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The AAPG/Datapages Combined Publications Database

AAPG Bulletin


Volume: 62 (1978)

Issue: 2. (February)

First Page: 247

Last Page: 272

Title: Pliocene-Pleistocene Diastrophism of Santa Monica and San Pedro Shelves, California Continental Borderland

Author(s): Thomas R. Nardin, Thomas L. Henyey (2)


Data from geophysical profiling and from jet and dart coring have been used to study the late Cenozoic history of the Santa Monica and San Pedro Shelves.

Deformed strata commonly crop out on the outer shelf and consist chiefly of shale belonging to the Monterey Shale and the Repetto Formation (middle Miocene through lower upper Pliocene). In contrast, undeformed sands and silts, primarily beneath the inner shelf, represent the Pico and San Pedro Formations (uppermost Pliocene through middle Pleistocene) as well as unnamed upper Pleistocene and Holocene deposits. Together with the Palos Verdes Hills and the Lasuen Knoll, outer-shelf strata have been folded into five northwest-trending en echelon anticlinoria. One anticlinorium is in a structural depression directly north of Redondo Canyon and has been buried beneath undeformed sediments. This depression facilitated initial development of the canyon during late Pleistocene time. An east- ortheast-striking fault, termed the "Redondo Canyon fault," separates the Redondo platform anticlinorium from the Palos Verdes Hills anticlinorium. Formation of the anticlinoria and the Redondo Canyon fault is attributed to convergent dextral shear along the northwest-striking Palos Verdes fault after early Pliocene time. Although displacement along the Palos Verdes fault has continued in San Pedro Bay through late Pleistocene time, the absence of large vertical separation in the upper 300 m of strata in Santa Monica Bay north of the Redondo platform anticlinorium indicates that the fault has been relatively inactive there at least since the beginning of late Pleistocene time. These observations infer that the late Quaternary uplift of the Palos Verdes Hills was decoupled from the Santa onica shelf along the Redondo Canyon fault, and may have occurred because the Santa Monica Shelf restrained the relative northwestward movement of the Palos Verdes Hills block.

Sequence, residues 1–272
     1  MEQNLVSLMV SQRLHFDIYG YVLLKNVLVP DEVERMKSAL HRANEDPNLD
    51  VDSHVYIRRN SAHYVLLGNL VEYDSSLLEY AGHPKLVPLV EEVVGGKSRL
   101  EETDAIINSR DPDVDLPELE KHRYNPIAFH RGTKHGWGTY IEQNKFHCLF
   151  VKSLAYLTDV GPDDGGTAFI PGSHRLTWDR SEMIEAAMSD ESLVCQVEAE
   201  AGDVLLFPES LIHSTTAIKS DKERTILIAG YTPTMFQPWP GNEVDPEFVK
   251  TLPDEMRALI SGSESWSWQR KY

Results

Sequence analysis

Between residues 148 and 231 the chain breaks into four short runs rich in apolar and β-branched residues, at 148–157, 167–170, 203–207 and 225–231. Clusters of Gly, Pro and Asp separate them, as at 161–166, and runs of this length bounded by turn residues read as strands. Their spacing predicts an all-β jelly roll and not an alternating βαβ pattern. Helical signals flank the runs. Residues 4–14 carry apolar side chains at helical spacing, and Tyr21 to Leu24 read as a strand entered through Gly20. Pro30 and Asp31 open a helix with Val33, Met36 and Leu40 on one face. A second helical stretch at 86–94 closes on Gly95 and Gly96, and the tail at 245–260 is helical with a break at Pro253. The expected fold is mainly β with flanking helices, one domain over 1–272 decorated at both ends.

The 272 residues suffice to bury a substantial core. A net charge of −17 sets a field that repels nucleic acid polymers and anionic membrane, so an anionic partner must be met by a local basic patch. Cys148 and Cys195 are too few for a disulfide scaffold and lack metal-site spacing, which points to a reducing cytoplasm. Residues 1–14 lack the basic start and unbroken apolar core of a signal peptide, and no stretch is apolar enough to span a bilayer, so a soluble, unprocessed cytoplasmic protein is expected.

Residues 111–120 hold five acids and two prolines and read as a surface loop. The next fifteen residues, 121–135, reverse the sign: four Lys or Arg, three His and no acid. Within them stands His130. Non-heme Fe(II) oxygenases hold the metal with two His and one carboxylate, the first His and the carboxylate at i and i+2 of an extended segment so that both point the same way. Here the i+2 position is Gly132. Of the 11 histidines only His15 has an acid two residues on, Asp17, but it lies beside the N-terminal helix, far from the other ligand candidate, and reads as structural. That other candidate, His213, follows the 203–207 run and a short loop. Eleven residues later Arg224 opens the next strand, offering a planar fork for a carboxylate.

It is suggested that late Pliocene and early Pleistocene diastrophism in the California continental borderland was characterized by convergent dextral shear accompanied by en echelon folding. This contrasts with the middle and early late Miocene history of widespread faulting and large lateral displacements proposed by other investigators. The transition in the style and locus of deformation between 12 and 3 m.y.B.P. may be related to a change in the orientation of the transform boundary between the North American and Pacific plates, changing slip rates along the San Andreas fault, and, possibly, differences in slip rates along the San Andreas north and south of the Transverse Ranges.

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